George (georgeroberts) wrote,

on the Internet nobody knows you are a dog

It has become accepted that on the Internet you can experiment with personal identity: on the Internet nobody knows you are a dog. But I am not finding this to be true any longer.

As I acquire more web-based services, a Flickr account, mySpace (rubbish, I admit), several work blogs (Benchmarking, ePortfolios, Pathfinding) and a SecondLife I find that the borders between these potentially different identities start to collapse into a single, reasonably stable core identity: an identity of many parts, but all exposed. It has become, paradoxically, more difficult for me to maintain separate identities on the Internet. For a long time my Live Journal had links to work blogs but my work blogs never linked back to my LiveJournal. The Internet is community space: public and subject to the public gaze. The more presence I have the less tempted I am to act out transgressve fantasies. As I tag my browsing in, put sites in my PiggyBank, and start to think about mining my browsing history for serendipity I wonder if I want the world to know that I, too, have put the word "nude" in a flicker search bar: more than once. Woof!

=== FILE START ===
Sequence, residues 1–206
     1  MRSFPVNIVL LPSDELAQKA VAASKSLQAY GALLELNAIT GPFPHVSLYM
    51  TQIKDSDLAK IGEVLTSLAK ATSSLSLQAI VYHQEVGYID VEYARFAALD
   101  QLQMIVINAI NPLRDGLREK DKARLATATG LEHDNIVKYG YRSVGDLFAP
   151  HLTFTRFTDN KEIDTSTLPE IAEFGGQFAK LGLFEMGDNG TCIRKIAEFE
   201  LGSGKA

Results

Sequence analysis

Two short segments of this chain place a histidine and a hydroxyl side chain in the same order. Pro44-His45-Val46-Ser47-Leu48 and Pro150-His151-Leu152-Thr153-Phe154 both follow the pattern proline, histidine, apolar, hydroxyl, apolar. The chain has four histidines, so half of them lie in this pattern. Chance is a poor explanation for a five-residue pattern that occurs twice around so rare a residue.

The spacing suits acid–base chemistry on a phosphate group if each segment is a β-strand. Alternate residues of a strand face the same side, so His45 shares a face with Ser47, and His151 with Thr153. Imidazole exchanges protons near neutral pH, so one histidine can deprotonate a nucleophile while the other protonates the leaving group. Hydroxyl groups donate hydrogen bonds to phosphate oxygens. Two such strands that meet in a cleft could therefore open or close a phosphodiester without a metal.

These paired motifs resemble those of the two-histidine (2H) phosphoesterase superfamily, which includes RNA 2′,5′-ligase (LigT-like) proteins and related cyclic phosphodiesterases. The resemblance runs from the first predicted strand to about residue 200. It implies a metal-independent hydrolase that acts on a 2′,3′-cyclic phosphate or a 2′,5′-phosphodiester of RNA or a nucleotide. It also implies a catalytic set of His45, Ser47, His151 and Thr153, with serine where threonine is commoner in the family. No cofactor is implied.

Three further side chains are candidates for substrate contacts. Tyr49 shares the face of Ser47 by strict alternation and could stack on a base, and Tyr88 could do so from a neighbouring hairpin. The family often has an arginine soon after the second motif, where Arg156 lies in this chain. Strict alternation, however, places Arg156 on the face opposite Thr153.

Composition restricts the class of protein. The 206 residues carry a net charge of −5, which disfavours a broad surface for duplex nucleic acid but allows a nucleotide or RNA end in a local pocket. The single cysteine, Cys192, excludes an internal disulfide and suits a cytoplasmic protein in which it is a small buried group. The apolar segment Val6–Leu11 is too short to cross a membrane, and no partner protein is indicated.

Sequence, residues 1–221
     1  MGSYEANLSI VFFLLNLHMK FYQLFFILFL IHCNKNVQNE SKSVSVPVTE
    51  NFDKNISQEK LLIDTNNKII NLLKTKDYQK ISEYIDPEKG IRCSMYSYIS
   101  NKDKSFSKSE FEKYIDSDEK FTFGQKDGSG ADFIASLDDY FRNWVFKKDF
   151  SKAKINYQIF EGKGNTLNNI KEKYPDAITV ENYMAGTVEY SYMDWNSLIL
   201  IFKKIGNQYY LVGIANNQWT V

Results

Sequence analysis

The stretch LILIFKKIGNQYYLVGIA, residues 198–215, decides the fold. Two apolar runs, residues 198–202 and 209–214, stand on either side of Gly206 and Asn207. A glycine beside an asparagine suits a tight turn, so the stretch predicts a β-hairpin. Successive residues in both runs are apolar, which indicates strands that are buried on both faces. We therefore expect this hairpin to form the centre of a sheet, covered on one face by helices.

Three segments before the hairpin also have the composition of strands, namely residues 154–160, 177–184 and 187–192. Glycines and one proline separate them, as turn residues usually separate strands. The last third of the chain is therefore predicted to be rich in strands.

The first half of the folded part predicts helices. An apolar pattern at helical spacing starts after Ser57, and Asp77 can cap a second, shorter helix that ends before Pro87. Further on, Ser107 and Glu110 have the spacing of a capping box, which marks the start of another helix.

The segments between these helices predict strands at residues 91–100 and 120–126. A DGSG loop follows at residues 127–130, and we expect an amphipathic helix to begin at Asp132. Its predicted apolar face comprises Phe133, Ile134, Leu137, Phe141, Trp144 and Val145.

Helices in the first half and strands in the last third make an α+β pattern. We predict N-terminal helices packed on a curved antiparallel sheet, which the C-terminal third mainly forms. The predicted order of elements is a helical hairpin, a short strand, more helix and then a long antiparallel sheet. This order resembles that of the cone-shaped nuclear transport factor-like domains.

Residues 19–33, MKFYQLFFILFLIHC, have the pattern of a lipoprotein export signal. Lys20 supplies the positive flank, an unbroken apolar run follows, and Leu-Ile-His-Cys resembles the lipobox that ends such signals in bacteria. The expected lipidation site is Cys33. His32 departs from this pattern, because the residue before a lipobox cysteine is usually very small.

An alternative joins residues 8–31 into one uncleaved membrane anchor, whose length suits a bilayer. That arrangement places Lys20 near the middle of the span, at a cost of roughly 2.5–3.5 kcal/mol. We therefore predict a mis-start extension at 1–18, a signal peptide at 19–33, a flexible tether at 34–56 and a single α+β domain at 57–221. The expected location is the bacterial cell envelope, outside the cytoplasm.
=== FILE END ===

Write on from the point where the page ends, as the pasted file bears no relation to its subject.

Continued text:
Tags: emerge, public
Comments for this post were disabled by the author